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Separating Drug-War Facts and Hollywood Fiction in ‘Traffic’

WASHINGTON POST

Steven Soderbergh’s “Traffic,” a harsh and artistic indictment of America’s “drug war,” arrives on a wave of extravagant praise, surfing stylishly into view just in time for Oscar season.

Already the film is generating considerable buzz as an Academy Award contender, its chief selling point being its somber documentary-like take on the nation’s drug problem. But just how realistic are the movie’s three interlocking narratives meant to show the entire pyramid of the drug trade, from street-level cop to White House drug czar?

The short answer is: very, but with a few of the usual missteps that Hollywood imposes to punch up the drama. In fact, one can argue that “Traffic” is the most realistic depiction of the drug issue ever put on film (that is not always a strength, though).

The movie--loosely based on the acclaimed 1989 British TV miniseries “Traffik"--can be seen as an almost by-the-numbers attempt to get in as many drug-policy arguments, drug-trade archetypes and obscure drug-world references as possible. One can envision the script conference: Let’s refer to Pablo Escobar, the dead Medellin cartel drug lord, here. How ‘bout a trip to EPIC, the El Paso Intelligence Center, here? A reference to asset forfeiture? A citation of Illinois vs. Gates?

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Don’t forget to mention the formal name of the drug czar’s office: It’s the Office of National Drug Control Policy, thank you.

To give the film its due, all this scrupulous verisimilitude does add gravitas. “Traffic” is extremely good at capturing the look and feel of the drug war. Everything, from the U.S. Drug Enforcement Administration raid jackets and badges to the padding inside the surveillance vans, looks right. A Georgetown cocktail party is full of real politicos--Orrin Hatch, Barbara Boxer, William Weld--spouting canned statements, suitable for sound bite, on drug policy.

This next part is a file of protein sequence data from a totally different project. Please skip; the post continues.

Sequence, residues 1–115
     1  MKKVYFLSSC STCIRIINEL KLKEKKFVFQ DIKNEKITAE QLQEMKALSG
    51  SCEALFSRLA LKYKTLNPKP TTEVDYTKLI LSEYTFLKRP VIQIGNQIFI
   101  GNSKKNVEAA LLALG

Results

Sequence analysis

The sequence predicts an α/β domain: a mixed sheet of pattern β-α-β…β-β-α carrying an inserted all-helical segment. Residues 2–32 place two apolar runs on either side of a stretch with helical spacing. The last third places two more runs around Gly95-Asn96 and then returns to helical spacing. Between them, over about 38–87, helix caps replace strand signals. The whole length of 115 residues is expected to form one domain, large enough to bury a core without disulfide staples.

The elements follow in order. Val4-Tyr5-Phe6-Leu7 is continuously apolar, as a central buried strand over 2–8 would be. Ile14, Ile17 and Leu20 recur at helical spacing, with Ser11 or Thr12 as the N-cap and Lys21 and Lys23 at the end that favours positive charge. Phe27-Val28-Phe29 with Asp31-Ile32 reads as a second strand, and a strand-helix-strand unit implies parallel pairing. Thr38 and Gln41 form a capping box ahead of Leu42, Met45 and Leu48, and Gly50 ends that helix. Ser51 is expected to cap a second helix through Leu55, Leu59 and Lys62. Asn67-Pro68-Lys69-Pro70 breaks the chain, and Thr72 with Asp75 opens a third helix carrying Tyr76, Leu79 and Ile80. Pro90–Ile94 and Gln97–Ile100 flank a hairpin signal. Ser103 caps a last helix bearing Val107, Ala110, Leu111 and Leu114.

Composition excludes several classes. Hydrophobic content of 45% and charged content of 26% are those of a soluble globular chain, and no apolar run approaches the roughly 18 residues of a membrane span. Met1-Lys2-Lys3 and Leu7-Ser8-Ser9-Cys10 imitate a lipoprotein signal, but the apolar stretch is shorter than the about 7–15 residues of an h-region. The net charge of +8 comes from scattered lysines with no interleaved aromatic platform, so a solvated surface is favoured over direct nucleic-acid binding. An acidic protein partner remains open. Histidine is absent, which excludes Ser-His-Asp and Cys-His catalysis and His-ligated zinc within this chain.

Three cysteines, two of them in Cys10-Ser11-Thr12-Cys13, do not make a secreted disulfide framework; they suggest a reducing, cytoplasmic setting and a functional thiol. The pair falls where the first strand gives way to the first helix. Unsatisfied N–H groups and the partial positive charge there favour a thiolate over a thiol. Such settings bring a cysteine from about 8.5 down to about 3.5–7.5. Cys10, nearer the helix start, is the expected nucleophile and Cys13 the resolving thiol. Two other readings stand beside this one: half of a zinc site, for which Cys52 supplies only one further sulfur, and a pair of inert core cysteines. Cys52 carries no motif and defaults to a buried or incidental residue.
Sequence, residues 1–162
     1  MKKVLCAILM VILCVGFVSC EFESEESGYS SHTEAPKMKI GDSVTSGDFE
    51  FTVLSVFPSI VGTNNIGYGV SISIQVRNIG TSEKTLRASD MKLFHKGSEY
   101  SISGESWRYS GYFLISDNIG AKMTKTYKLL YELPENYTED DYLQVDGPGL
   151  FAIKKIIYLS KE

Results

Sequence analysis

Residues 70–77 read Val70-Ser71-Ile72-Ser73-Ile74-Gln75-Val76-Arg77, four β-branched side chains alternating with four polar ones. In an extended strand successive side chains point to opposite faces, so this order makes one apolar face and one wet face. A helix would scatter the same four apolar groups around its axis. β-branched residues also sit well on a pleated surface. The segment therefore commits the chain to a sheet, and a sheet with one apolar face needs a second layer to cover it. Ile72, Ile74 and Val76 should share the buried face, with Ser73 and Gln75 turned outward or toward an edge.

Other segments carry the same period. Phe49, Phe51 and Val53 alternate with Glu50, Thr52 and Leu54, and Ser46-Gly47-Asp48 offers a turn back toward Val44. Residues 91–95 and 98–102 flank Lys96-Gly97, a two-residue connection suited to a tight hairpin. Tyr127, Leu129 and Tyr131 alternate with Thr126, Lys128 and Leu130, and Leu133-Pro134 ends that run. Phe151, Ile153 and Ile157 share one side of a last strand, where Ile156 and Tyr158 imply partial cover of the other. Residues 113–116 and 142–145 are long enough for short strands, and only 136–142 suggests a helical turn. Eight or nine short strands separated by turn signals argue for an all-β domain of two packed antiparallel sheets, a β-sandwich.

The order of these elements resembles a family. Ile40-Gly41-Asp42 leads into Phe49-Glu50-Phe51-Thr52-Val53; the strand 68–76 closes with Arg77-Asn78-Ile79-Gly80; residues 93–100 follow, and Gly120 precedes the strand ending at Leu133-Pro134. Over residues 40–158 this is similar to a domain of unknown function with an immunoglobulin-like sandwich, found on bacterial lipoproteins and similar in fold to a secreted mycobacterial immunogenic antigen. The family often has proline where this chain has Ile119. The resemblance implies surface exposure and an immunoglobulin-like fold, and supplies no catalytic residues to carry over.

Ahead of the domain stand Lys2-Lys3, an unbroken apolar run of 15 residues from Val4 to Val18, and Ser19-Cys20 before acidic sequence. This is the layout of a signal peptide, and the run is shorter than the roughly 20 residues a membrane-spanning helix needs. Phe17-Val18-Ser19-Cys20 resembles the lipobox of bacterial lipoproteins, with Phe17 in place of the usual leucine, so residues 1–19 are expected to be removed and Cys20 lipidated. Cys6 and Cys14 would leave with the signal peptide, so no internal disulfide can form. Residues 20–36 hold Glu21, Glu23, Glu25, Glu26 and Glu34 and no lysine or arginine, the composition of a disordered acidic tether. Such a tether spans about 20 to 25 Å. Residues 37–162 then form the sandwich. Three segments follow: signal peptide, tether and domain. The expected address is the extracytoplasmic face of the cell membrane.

Some touches in the movie will be recognized only by aficionados of the deepest sort of drug lore: A shot of cocaine being unloaded from a plane is uncannily composed to virtually match the famous CIA-snapped photograph of DEA informant Barry Seal unloading drugs in Nicaragua in 1984 in what was probably the most important sting in DEA history--the first case against Colombia’s Medellin cartel.

Overall, how does “Traffic” stand up to the historical record? Here’s a quick scorecard. (Caution: For those who haven’t seen the movie, a few spoilers await.) First, a few points of agreement:

Hollywood:

One of the story lines turns on the actions of a corrupt Mexican army general who is pursuing the Tijuana cartel at the same time that he is in the pocket of the Juarez cartel.

Reality:

In the early 1990s in Colombia, some officials of that country’s government aligned with the Cali cartel in a war against the Medellin cartel.

Hollywood:

The head of the Juarez cartel is reported to have died on the operating table during plastic surgery to change his face. But he survives.

Reality:

A Mexican cartel leader is reported to have died on the operating table during plastic surgery to change his face. He stays dead. The doctors responsible are tortured, killed and stuffed in barrels.

Hollywood:

A federal drug bust is interrupted when police officers from another agency charge in to make arrests, unaware that they are stepping on a DEA operation in progress.

Reality:

It was not uncommon for different police agencies to trip over each other’s investigations in Miami in the 1980s, but those instances didn’t result in wild shootouts like the one depicted in “Traffic.”

Hollywood:

Mexican drug law enforcement is shown to be riddled with corruption.

Reality:

Ahem.

Hollywood:

The traffickers come up with an ingenious method of pressing, molding and painting cocaine to make it resemble a clown toy.

Reality: